The Inherent Spirit in the Land: A Conversation with Jeff Ripple - 2007-08-01
Interviewer: Jeremy Jones
Interviewee: Jeff Ripple
Florida landscape photographer and naturalist, Jeff Ripple and I both grew up in Florida—he in the wild southwest and me in the manicured, overly landscaped southeast. As an expatriate Floridian, I am always eager to discuss the beauty and nuances of my home state, the tangle of scrub and swamp and woods that is always in jeopardy of the developer’s heavy hand.
Ripple, uses a Wisner 4X5 wooden field camera and large-format transparency film to “bring together the dynamic elements of a powerful composition, shifting light, varied textures, the sometimes unpredictable effects of long film exposures, and the inherent spirit in the landscape that inspired [him] to make the photograph in the first place.”
Ripple’s photographs pop and crackle with vivid detail. The wind blows and water ripples. Colors shift and breathe. The subtleties connect the viewer directly with the subject matter. And when the landscape captured in a photograph is in jeopardy of being mowed down, dug out, or filled in, those very same details work like spurs to compel us to reach out and protect the land. This is one of the great beauties of Ripple’s work.
Ripple’s photographs and articles have appeared in The New York Times, Outside, Outdoor Explorer, and many other magazines and field guides. In the past fifteen years, he has published eight books, including most recently DAY PADDLING FLORIDA’S BIG CYPRRESS SWAMP AND 10,000 ISLANDS (Countryman Press, 2004).
We began our conversation discussing the land for which we both share a deep love.
Ripple: There is tremendous diversity in the Big Cypress Swamp and Ten Thousand Islands region of southwest Florida, in the landscape and its inhabitants, and with any landscape, there is additional diversity and changes with season. I am inspired daily by this place as an artist, and I never grow tired of looking at it. Perhaps the water level in one place will be different from one day to the next, drawing hundreds of wading birds, or the birds discover a new roost, or there is a particularly dramatic cloud formation or light display over a favorite swath of marsh or group of tree islands. I learned to photograph here more than twenty years ago, I got my start as a natural historian here, and I am learning to paint again here. I consider Big Cypress and the Ten Thousand Islands my spiritual center.
Jones: In what ways are writing and photography similar?
Ripple: Photography is in so many ways easier for me than writing. I am a visual person. I have to form visual images in my head before I can communicate them effectively in words, either verbally or on paper. They are similar in that they demand careful composition and technical expertise, require immense concentration, should both communicate an idea and be emotive. They are both powerful means of expression that can do great good for humanity and tremendous harm as well. In neither medium do I feel completely proficient or imagine that I have reached a plateau; I know I have much more to learn and accomplish.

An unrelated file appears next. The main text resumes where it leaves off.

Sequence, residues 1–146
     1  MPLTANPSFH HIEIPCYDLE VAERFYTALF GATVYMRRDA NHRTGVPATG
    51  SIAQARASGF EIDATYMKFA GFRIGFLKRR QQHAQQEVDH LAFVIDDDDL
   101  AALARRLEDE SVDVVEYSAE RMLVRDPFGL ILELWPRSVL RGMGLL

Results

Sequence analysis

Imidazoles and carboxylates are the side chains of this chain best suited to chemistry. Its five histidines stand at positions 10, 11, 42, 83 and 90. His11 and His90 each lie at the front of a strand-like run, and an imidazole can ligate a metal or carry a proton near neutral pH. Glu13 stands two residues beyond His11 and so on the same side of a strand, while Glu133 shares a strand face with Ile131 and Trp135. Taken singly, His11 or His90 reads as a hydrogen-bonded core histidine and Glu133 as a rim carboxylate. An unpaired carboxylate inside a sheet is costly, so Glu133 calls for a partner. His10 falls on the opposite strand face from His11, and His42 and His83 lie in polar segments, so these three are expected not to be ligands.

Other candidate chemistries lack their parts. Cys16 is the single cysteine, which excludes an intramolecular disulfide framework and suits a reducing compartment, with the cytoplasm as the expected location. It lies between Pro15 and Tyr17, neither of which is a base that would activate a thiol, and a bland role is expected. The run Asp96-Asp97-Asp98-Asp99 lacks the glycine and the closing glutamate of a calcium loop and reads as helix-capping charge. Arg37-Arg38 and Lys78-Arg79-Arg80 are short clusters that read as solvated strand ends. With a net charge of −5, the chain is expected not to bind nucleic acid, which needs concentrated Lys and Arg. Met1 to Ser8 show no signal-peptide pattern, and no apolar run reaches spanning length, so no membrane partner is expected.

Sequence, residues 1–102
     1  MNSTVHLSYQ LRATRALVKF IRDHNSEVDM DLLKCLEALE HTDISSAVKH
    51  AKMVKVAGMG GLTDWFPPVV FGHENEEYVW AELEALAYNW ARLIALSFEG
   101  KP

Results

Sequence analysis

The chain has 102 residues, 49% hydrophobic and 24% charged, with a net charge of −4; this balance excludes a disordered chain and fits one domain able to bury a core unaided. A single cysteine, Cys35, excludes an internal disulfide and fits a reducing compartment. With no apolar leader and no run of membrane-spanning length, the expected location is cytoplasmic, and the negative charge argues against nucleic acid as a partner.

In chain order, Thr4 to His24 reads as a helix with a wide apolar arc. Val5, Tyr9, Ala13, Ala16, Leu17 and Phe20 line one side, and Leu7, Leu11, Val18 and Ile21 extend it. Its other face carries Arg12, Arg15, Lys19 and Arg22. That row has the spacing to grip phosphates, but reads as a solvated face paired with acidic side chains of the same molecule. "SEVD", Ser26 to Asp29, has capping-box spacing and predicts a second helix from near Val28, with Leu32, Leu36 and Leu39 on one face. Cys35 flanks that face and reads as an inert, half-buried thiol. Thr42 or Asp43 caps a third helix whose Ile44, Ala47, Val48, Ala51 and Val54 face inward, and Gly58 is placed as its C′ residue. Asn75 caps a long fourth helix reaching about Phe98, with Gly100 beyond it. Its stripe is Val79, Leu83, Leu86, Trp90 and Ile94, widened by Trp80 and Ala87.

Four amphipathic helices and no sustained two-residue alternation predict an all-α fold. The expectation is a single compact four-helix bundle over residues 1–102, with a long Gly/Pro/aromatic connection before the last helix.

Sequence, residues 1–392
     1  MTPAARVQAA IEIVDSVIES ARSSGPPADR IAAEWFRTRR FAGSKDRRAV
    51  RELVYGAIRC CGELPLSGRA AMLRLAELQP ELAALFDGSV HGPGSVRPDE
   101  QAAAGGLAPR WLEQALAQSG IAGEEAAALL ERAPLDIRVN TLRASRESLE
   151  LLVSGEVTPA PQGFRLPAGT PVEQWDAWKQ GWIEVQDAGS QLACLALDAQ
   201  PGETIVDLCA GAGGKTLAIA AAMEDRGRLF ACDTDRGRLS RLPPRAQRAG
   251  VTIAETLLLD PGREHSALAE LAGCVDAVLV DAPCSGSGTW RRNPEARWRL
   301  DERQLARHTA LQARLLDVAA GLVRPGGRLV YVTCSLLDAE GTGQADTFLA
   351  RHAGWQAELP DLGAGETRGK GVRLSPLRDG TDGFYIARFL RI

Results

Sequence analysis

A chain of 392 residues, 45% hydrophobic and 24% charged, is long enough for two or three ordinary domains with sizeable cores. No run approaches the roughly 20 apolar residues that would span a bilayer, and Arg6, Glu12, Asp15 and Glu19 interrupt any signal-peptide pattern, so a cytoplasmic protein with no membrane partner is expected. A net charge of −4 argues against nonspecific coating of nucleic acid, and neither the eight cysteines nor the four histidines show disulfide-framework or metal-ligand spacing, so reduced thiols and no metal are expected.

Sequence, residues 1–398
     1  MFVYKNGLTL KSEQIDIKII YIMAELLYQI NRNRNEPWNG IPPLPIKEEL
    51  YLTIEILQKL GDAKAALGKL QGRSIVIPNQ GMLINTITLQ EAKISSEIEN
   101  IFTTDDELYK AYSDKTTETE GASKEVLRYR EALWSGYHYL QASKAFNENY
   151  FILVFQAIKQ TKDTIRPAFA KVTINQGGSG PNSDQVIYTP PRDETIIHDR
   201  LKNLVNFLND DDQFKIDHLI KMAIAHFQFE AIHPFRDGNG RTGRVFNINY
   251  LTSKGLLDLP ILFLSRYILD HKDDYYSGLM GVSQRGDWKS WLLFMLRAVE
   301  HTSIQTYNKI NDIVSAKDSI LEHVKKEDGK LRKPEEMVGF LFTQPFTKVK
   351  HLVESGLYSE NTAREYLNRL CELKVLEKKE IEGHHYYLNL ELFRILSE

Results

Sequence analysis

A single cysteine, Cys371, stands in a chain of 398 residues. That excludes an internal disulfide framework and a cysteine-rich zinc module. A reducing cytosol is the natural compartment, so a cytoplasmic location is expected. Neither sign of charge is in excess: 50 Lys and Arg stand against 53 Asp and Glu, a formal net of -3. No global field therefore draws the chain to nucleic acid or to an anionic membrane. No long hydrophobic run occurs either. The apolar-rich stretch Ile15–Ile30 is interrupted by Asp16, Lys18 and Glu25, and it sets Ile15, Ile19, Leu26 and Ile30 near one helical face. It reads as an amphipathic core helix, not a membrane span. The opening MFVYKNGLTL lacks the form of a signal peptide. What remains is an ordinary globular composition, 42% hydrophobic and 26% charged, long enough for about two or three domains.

Jones: What does photography allow you to do that writing doesn't?
Ripple: Photography does not force me to translate the culmination of my imagination and interpretation of a scene into words, or perhaps more precisely, because photography is more "comfortable" for me, the depiction of a scene into a photograph does not feel like a "translation." Painting for me is more difficult than photography, but then working with the large format was very difficult at the beginning. I suppose painting is more like writing in that interpretation of the scene is not so direct. With a camera once I have made the creative decisions, I have the image on film. Of course there is the printing aspect, which adds new levels of creativity and interpretation, much like painting and writing. With the painting, there is no initial "capture" of the scene except in what is created through the passage of the image through my brain to my hands and brush.
As with writing, that initial effort is often unsatisfactory and only becomes beautiful after time and revision. Painting is still unfamiliar to me, so the technical aspects slow my process and interfere with the creativity; it is not a smooth, natural flow yet.
Jones: If you could fix our native state, Florida, where would you start?
Ripple: It's hard to decide where to begin saving a place like Florida where development is so rampant and logical, careful planning for a sustainable human population that is in balance with the needs of the environment is grounds for death threats and/or is hostage to the political process. I guess I would have to start in southwest Florida. The first step would be to significantly slow the pace of development or stop it altogether.
Southwest Florida desperately needs to reassess its rate of population growth and how it can provide adequately in terms of infrastructure and basic services. Next, come up with a plan for sustainable living (or if valid ideas currently exist in each county's comprehensive plan, start implementing them) that balances human needs equally with the needs of a healthy environment. Provide more opportunities for a network of locally grown foods and locally produced goods to foster a sense of community, reduce pollution and energy consumption, and give people a concrete example of how a healthy environment can positively affect them on a personal level. Increase environmental education opportunities not only in the schools, but as adult outreach programs as well. Restore damaged environmental areas and uphold rigorous standards for clean air, soil, and water.